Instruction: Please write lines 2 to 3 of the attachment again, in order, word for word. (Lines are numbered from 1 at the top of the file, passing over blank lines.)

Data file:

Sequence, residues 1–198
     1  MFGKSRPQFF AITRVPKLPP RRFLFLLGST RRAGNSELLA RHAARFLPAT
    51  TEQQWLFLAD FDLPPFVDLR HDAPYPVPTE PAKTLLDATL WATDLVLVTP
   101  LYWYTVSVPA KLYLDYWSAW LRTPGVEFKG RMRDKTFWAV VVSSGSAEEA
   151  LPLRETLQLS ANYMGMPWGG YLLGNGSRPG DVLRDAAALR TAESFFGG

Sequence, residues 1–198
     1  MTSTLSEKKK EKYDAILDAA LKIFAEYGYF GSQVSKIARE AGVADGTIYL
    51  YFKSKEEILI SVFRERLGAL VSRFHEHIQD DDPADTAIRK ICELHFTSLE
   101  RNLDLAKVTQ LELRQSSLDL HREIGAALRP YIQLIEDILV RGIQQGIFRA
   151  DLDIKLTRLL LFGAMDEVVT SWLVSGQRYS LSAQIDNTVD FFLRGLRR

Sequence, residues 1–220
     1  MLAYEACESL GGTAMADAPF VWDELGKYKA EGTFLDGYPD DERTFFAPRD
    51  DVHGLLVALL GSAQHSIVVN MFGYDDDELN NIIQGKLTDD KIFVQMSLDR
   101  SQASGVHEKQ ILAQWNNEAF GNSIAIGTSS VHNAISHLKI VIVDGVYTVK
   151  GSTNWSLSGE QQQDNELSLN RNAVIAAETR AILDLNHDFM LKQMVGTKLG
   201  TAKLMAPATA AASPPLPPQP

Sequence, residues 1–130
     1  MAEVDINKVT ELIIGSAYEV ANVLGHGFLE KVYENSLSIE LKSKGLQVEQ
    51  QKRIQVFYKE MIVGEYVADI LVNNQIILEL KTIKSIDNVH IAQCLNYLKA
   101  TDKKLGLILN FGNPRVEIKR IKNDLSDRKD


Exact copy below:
     1  MFGKSRPQFF AITRVPKLPP RRFLFLLGST RRAGNSELLA RHAARFLPAT
    51  TEQQWLFLAD FDLPPFVDLR HDAPYPVPTE PAKTLLDATL WATDLVLVTP